No One to Trust
Red Stone Security, #1
Genre: Romantic Suspense
Publisher: Katie Reus
Date of Publication: March 1, 2012
Number of pages: 209
Word Count: 45,000
Cover Artist: LFD Designs for Authors
Killers are after her…
Computer security specialist for Red Stone Security, Elizabeth Martinez has never been able to turn her back on her brother Benny. When his risky lifestyle finally lands him in harm’s way, Elizabeth finds herself dragged into the dangerous underworld with him and into the path of one of Miami’s most dangerous drug lords. To stay alive, she now has to depend on the one man she has tried so desperately to forget.
He’ll do anything to keep her safe…
Former Marine Porter Caldwell never should have let Elizabeth walk away from him all those months ago. She means more to him than anything and now that she’s in danger and turned to him for help, he won’t make that mistake again. When a local gang targets her and she’s nearly killed in a drive by shooting, Porter vows to do whatever it takes to keep her alive. Even if it means turning his back on all that he’s sworn to uphold.
This has been on my TBR pile for a while. As a matter of fact, I'm not even sure when/who I discovered this author through, but I liked the sound of the series and grabbed several to read. Last year, I read the author's alter ego, Savannah Stuart's Cresent Moon series and enjoyed it. So I figured this would be a great read too. Yeah, you know how certain things can dump you right out of a story? I found one in this book that just kept nagging at me and kept me from fully enjoying the book.
So Elizabeth Martinez is 25 years old with a PhD in Computer Science. Okay, that's a stretch, but possible. Next we hear that she has worked at Red Stone Security for years, moving up the ranks to become head of her department. *head whiplash* Come again say what? I'm sorry. I can allow one or the other. Especially since there was no mention of Lizzy being ubersmart, graduating high school at 15, or being a computer savant. Plus she comes from a privileged background, and has a busy social life including many charity functions. I mean, come on, really? This screams Mary Sue to me. I didn't have as many problems with Porter, but then again, I was so aggravated with Lizzy I was afraid to look too deeply at him.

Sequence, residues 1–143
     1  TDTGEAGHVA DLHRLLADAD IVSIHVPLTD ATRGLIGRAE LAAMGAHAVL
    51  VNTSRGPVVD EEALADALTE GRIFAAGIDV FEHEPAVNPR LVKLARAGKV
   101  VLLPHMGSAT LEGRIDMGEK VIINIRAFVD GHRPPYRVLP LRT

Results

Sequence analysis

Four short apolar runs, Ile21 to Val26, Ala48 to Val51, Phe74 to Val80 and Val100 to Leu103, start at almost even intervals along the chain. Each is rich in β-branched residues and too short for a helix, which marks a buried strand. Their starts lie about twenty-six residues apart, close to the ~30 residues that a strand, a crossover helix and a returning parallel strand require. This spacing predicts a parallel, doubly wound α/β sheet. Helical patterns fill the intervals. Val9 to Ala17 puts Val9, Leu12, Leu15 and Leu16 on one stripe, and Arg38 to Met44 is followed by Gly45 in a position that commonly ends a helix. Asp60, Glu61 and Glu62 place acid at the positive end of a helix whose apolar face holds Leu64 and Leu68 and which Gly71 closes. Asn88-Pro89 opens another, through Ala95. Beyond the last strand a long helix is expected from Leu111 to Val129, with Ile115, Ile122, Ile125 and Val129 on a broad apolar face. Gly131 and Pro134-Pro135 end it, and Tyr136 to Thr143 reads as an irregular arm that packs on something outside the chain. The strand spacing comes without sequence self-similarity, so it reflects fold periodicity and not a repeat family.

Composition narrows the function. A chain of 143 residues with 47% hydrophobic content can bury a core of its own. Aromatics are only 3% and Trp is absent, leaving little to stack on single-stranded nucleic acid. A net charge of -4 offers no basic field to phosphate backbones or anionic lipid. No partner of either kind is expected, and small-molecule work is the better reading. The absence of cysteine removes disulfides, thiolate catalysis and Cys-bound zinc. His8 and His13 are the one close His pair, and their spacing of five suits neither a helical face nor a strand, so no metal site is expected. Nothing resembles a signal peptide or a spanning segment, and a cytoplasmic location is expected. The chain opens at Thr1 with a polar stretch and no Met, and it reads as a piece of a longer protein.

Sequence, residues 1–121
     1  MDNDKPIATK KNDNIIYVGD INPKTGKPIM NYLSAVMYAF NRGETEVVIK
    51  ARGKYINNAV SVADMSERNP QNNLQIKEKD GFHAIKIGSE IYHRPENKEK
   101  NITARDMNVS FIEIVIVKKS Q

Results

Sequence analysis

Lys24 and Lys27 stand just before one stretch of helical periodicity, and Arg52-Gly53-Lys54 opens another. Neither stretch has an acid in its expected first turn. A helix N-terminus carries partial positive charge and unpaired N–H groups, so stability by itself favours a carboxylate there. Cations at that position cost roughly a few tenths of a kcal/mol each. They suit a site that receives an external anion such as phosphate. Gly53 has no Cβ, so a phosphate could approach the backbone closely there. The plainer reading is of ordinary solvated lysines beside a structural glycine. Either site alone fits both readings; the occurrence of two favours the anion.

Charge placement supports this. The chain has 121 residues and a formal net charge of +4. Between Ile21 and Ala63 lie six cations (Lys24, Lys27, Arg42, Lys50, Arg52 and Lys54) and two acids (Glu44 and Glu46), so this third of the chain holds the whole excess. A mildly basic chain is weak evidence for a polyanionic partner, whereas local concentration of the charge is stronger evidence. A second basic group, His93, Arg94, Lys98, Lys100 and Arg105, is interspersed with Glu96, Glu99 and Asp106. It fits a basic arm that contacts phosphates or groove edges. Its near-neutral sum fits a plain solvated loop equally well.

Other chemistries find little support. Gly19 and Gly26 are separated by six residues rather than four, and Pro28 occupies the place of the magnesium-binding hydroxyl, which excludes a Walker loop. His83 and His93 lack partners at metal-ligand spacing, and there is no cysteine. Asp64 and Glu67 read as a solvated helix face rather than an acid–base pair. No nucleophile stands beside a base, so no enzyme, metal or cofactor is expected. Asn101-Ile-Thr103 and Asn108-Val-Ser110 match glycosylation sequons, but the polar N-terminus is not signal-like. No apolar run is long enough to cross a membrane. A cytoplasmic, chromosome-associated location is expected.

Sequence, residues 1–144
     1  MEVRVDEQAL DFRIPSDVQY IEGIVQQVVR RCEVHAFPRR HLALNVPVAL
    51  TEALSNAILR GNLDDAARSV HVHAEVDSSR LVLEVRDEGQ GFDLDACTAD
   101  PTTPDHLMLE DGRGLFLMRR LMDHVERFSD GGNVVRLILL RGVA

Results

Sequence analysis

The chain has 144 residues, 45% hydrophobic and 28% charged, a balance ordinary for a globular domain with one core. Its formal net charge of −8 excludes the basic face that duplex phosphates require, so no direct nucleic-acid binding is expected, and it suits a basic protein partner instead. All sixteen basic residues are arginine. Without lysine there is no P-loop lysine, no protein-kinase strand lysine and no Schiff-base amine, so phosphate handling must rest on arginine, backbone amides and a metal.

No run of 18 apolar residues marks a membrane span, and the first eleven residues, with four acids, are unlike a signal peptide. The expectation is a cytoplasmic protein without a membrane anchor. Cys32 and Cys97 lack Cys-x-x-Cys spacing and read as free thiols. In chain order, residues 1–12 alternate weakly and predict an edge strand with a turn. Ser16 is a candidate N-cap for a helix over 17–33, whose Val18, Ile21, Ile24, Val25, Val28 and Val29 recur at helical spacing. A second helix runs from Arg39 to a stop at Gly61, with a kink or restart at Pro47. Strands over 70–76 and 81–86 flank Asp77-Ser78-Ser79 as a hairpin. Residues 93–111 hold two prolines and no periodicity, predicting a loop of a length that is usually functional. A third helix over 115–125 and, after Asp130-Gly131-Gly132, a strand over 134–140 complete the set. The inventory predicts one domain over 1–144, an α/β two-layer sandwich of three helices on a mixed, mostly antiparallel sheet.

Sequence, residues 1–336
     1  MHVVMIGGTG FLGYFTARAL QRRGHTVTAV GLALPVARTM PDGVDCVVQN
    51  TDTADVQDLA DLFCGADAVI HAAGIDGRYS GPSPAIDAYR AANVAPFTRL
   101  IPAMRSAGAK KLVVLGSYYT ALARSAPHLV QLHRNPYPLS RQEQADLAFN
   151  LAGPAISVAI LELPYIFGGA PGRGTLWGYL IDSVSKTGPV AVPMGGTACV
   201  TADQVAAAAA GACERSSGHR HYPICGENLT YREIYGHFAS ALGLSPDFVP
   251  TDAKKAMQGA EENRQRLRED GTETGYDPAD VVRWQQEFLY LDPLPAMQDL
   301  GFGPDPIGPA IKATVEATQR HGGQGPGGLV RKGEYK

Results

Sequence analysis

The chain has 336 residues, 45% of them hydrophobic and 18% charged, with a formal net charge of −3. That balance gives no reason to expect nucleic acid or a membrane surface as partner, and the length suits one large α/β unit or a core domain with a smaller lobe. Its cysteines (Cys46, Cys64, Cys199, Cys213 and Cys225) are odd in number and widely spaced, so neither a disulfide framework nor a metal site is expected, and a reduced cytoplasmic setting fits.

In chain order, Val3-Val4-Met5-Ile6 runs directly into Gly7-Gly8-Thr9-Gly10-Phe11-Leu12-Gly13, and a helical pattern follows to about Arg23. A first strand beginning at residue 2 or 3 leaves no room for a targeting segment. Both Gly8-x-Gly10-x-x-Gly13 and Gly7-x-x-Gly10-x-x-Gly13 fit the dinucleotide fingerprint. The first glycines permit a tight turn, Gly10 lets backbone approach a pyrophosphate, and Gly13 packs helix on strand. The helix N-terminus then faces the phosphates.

The funny thing is, I liked the overall storyline and plot. Most of what didn't work for me wasn't even vital to the story. Nothing was really done with the computer aspects, or her "years" of experience at work. They were almost throw away details, especially since the vast majority of the story is Lizzy and Porter on the run. I am torn about what to give this book and whether to continue the series. On one hand, they really weren't vital to the storyline, and I have a couple more books on hand. On the other hand, it did throw me out of the story and I kept looking for instances where the age thing didn't make sense. So 2 'It was Okay' stars for the story and placing the series back on the TBR shelf.